|Underwriting second only to claims handling in value to agents|
Continuing an analysis of agents’ responses to PIA’s Company Benchmark Survey, we’ll look at how agents see their companies’ underwriting prowess. Agents rated 35 separate performance criteria, including six dealing with underwriting. Using a one-to-10 scale, 456 respondents scored each item according to how important it is in evaluating their relationship with a company. The claims-handling factors snagged the two highest-rated spots in this survey, conducted in spring 2009.
The survey tested the 35 items, including 16 standards on PIA’s annual Company Performance Survey. Results from the benchmark survey helped re-shape the 2009 Company Performance Survey. The results will be announced in the October issue of PIA magazine.
Of the six underwriting criteria, all scored 12 or higher out of 35 factors. Some may see this as surprising. However, the benchmark survey showed agents mainly value old-fashioned, bedrock insurance functions like claims, underwriting and service.
Tops among the underwriting factors, and ranked fth on the survey overall, is “underwriter knowledge, experience.” As a result, this item was added to the Company Performance Survey as a new factor on which agents rate their individual carriers. Although absent in years past, its importance had been suggested by many free-form agent comments about the strength of a company’s underwriting department—or lack thereof.
A benchmark survey respondent suggested a further dimension of underwriters’ value: “Most important of all, not mentioned here, is [the] broker/underwriter relationship and underwriter’s authority or clout with [the company’s] home ofce.” This comment, and others in the Company Performance Survey over the years, shows how truly the business remains grounded in personal relationships, earned respect and trust.
The following are the six underwriting items, in order of importance, ranked by how many respondents rated the item a 10 (the highest importance). This number is followed by the number of 10s as a percent of the item’s total scores: underwriter knowledge, experience (251 respondents rated a 10, 55 percent); agency has go-to underwriter(s) (246 respondents, 54 percent); stable market (237 respondents, 52 percent); consistent underwriting (236 respondents, 52 percent); exible when warranted (218 respondents, 48 percent); and speedy decisions (210 respondents, 46 percent).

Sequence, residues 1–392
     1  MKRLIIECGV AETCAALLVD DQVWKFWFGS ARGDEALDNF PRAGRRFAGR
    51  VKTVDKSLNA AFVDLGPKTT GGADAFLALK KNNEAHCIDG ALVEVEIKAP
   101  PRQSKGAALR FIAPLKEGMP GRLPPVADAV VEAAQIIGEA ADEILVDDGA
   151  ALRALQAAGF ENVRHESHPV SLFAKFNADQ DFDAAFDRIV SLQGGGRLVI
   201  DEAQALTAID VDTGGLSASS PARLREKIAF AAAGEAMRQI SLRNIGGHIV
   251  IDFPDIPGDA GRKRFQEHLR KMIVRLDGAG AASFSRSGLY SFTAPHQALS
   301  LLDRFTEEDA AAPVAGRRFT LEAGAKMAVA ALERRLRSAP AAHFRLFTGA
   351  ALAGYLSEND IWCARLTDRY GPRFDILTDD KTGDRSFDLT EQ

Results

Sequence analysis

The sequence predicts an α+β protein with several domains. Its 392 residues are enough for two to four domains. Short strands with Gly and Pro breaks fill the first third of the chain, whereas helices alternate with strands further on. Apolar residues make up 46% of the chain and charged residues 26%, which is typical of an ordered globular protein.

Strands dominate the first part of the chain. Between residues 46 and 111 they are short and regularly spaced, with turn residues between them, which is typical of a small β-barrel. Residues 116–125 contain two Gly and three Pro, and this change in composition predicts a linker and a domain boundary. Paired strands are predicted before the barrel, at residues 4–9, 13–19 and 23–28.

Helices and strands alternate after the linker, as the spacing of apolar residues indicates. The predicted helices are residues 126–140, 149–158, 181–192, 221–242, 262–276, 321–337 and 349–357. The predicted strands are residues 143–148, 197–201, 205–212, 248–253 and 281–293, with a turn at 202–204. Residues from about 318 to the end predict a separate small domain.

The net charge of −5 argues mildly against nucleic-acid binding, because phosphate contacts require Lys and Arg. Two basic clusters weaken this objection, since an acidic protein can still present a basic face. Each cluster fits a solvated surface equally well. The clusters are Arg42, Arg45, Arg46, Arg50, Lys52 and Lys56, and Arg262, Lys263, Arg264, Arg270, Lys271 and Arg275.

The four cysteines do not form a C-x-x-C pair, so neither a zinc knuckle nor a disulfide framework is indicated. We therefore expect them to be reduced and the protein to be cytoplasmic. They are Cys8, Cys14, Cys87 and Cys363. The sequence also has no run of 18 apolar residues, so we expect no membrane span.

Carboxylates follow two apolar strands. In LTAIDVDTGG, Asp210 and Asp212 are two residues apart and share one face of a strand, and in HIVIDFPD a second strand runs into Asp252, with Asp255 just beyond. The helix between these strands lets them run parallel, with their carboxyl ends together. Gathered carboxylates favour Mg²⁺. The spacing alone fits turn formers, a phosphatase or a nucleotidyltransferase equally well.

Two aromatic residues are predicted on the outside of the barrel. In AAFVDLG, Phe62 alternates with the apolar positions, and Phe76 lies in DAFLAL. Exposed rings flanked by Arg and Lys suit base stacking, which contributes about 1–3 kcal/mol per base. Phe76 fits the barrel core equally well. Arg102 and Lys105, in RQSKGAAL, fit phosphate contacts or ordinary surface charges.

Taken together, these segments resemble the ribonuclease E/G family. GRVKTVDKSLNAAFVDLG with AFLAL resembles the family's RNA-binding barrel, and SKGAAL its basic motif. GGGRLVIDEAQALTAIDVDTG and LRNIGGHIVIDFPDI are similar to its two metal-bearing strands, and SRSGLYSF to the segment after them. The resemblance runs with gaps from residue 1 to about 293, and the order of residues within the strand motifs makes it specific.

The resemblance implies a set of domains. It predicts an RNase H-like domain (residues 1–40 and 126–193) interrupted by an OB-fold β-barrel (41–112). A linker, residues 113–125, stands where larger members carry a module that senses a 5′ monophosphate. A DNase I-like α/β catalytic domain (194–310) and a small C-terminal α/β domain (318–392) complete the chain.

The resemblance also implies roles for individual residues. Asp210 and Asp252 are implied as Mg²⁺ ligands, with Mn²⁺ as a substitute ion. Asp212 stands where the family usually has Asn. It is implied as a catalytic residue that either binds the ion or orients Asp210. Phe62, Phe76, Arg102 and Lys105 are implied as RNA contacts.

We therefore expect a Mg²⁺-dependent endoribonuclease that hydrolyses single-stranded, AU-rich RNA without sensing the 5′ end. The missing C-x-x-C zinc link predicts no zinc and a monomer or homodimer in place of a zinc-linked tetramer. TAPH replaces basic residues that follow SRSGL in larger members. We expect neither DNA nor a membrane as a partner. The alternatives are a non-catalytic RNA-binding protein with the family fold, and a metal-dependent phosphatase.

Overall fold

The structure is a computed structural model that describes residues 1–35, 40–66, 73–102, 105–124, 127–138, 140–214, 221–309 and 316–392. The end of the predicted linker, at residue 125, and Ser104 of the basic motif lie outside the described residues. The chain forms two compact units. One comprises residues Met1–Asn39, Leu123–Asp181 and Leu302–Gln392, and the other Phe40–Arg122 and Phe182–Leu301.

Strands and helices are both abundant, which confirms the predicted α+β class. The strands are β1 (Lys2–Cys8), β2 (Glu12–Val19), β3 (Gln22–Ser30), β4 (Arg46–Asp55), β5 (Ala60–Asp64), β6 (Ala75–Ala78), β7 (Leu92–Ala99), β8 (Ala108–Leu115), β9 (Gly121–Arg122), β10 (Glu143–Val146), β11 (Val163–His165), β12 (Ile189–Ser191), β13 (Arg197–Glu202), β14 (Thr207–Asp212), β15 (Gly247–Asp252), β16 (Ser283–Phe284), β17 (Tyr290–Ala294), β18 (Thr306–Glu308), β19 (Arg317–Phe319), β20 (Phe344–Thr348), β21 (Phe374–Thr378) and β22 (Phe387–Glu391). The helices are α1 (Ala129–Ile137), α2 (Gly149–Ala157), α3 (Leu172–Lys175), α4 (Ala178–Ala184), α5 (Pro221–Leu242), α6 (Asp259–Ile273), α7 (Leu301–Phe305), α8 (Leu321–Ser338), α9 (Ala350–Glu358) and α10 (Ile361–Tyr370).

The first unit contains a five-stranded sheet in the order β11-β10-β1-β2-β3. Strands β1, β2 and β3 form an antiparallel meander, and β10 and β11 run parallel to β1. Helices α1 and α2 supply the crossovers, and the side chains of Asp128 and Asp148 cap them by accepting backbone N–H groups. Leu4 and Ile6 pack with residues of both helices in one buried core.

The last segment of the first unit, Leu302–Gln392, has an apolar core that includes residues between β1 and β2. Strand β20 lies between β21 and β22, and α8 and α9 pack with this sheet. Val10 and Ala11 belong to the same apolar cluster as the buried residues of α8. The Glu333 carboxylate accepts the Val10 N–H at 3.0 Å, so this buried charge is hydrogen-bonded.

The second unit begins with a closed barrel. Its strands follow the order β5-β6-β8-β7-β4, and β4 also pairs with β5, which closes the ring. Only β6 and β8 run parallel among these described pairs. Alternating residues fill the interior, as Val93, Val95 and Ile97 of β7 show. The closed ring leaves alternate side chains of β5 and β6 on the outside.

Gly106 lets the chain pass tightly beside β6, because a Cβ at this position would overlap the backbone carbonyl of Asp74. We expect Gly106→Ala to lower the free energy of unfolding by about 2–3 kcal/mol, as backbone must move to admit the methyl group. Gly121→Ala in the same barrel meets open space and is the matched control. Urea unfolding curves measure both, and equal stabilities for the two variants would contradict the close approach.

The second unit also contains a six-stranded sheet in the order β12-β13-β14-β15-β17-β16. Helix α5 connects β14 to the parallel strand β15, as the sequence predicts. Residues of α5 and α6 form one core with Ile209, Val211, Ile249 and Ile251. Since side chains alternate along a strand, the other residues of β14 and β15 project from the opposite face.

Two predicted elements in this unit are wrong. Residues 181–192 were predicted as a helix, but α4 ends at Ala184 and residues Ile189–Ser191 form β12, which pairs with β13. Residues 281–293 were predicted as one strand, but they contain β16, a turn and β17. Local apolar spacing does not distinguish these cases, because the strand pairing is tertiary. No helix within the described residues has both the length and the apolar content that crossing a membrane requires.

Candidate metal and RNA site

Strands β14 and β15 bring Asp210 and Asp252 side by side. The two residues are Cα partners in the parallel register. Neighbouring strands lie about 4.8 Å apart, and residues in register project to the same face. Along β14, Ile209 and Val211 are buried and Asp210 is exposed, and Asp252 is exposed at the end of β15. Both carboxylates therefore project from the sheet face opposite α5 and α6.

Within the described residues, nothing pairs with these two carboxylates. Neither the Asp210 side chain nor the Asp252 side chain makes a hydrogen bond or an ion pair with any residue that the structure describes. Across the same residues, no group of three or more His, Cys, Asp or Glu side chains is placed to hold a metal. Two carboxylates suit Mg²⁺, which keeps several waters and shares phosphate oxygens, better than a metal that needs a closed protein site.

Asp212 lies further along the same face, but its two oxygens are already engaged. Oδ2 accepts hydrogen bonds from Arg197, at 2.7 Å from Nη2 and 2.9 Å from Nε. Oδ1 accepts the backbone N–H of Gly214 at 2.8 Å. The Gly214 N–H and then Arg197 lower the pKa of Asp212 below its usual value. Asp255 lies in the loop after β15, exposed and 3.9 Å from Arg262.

In other words, even the sixth-placed underwriting item (speedy decisions) received 10s from nearly half (46 percent) of all respondents to the benchmark survey. As a result of the clear value placed on the underwriting function, underwriting-related items on the Company Performance Survey were expanded from two to four.
“Agency has go-to underwriter(s)” placed second (and for agency underwriting staff, it is the top-ranked benchmark factor overall). This fact again speaks to the power of business relationships. PIA thought long and hard, but decided not to include this item in the 2009 Company Performance Survey.
Some companies provide underwriting services through a stable of available underwriters; while some establish direct personal responsibility for certain underwriters to serve certain agencies. Both ways can work effectively, so setting “go-to-underwriters” as a performance item could represent an unwarranted value judgment on PIA’s part, that one way is the only acceptable way. It seems fairer that companies be evaluated on underwriter knowledge and experience.
For what it’s worth to interested companies, we think results of the benchmark survey (i.e., those 246 10s for go-to underwriters) speaks for itself. Sometimes, it’s the build-up of knowledge and trust between individuals that allows companies to be “exible when warranted.”
The other items, “stable market” and “consistent underwriting” at rst glance may seem similar and indeed received very similar ratings. Yet, when tested with veteran insurance people, the two statements mean quite different things. A “stable market” maintains availability, subject to the company’s own underwriting appetite, year-in and year-out. A company shows “consistent underwriting” by dependably sticking to its own clearly dened underwriting guidelines on each submission.
“Speedy decisions” rounds out the underwriting group, scoring well above the survey’s average. As agents say, “Speed sells.” They hate being left at the starting gate without a rate or an underwriter’s blessing—while a competitor (perhaps with an inferior product and price) at least has something to offer.-Kiehl
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